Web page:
Having talked (or rather, not talked – she used silence to bully) her way out of paid employment, Brontė contrived to return to where she had wanted to be all along – at home in Haworth. Despite there being two servants to look after the modestly sized parsonage and one modestly sized parson, Emily made a case for needing to be onsite as an extra housekeeper. And to offset her lack of income, she became an expert financial investor, studying newspapers to ensure that the family’s modest savings were placed in the best-performing railway stocks. She was cannily alert, too, to the way that the literary market worked. When the Brontės’ first book, a joint collection of poetry, sold only a handful of copies, she was quick to turn to the much more profitable genre of fiction, in the same way that Plath self-consciously set out to write a “potboiler” of a novel – The Bell Jar – as a break from the slow and thankless business of trying to sell her verse.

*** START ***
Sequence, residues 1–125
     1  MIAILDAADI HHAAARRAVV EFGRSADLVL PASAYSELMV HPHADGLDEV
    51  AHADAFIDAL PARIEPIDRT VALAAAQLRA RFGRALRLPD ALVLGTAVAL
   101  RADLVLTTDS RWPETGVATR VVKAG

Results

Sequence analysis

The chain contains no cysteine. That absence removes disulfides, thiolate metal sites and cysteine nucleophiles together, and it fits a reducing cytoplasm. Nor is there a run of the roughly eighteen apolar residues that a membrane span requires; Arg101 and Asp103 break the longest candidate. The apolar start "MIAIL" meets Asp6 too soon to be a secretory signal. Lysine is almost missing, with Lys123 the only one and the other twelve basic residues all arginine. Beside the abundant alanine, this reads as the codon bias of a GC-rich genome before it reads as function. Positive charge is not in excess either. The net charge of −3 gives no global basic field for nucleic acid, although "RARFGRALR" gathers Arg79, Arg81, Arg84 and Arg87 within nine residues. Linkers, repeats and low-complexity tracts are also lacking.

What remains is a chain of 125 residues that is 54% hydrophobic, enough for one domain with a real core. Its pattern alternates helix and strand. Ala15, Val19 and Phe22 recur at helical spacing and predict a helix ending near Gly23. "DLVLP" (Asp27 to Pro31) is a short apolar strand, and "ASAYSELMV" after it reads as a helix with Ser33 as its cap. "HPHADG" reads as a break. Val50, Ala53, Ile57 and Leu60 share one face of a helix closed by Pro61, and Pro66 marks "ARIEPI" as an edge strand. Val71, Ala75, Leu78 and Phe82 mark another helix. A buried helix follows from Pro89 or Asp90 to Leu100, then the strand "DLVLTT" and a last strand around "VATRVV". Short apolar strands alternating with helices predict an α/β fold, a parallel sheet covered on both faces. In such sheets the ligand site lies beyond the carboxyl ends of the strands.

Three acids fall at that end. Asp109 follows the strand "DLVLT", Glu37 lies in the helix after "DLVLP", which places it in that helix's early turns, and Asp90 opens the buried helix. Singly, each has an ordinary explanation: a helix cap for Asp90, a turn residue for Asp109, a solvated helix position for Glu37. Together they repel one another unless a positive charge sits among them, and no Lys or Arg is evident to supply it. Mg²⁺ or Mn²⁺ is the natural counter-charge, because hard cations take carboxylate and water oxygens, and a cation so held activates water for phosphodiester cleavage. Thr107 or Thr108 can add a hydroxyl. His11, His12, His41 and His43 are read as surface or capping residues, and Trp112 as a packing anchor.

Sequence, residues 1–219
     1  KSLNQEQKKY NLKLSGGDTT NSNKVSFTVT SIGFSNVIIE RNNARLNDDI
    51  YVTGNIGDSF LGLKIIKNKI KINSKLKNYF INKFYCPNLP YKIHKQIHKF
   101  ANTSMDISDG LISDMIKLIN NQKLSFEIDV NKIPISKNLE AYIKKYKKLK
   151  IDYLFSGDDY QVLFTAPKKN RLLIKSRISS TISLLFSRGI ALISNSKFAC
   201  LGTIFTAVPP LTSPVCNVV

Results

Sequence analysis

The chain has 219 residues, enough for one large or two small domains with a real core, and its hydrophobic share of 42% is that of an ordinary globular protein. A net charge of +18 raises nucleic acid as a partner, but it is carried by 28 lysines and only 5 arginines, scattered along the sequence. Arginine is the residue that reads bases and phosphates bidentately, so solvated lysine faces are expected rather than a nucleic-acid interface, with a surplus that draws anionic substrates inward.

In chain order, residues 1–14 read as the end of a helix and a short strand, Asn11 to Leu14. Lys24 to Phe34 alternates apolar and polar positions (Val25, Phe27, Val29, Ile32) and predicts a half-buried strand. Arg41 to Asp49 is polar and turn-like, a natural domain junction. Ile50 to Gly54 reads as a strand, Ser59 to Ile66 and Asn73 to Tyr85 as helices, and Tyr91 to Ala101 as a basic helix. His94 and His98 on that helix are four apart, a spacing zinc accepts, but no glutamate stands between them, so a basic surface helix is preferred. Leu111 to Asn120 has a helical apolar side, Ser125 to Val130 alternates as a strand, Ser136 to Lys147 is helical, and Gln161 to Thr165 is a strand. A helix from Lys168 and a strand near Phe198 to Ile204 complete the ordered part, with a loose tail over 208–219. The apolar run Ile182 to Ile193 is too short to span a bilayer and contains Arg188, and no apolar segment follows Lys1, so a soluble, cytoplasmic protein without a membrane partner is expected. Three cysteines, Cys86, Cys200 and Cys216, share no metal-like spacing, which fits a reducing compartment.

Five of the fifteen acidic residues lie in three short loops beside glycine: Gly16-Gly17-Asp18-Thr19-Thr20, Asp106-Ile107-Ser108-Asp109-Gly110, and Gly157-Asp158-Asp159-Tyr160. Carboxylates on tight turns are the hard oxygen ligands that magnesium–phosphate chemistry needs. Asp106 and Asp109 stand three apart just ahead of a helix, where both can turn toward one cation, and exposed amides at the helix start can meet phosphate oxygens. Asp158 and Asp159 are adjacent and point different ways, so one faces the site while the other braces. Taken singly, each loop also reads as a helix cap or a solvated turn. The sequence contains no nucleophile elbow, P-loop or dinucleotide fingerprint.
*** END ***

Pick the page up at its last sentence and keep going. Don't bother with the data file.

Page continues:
Victorian women choosing to duck the demands of domestic life to spend their time doing something they enjoyed is hardly a novel idea. Florence Nightingale and Elizabeth Barrett Browning used invalidism as a way to carve out time, space and mental freedom so that they could get on with reforming the Indian army and writing lyric verse respectively. The difference here is that Nightingale and Barrett were both from wealthy households that could easily afford the extra labour involved in supporting an adult woman in expensive, non-productive seclusion. The family at the parsonage enjoyed no such financial elasticity, which makes Brontė’s insistence on the right to abandon her economic obligations all the more audacious. There is a certain topsy-turvy irony too in the fact that, unlike Nightingale and Barrett, Brontė was actually pretty sick. Yet she refused to use her rackety health as an excuse, instead throwing herself into strenuous physical domestic labour. Charlotte wrote sadly to her old friend Ellen Nussey that “to offer any help is to annoy … you must look on and see … her do what she is unfit to do, and not dare to say a word.” Even in her domestic rebellion Brontė managed to invert the usual terms. Not that she’d have seen it like that. Having lived through the dreadful industrial unrest of the 1830s and 40s, Emily remained sympathetic to a high Tory worldview (Charlotte used her as the model for her strike-smashing heroine Shirley). And if by time travel magic we could fast forward Brontė to the age of the suffragettes we would find her snorting in derision and, quite possibly, setting a large dog on the women in purple and green. In other words, Brontė is not on “our side” and were we to meet her, we would not like her.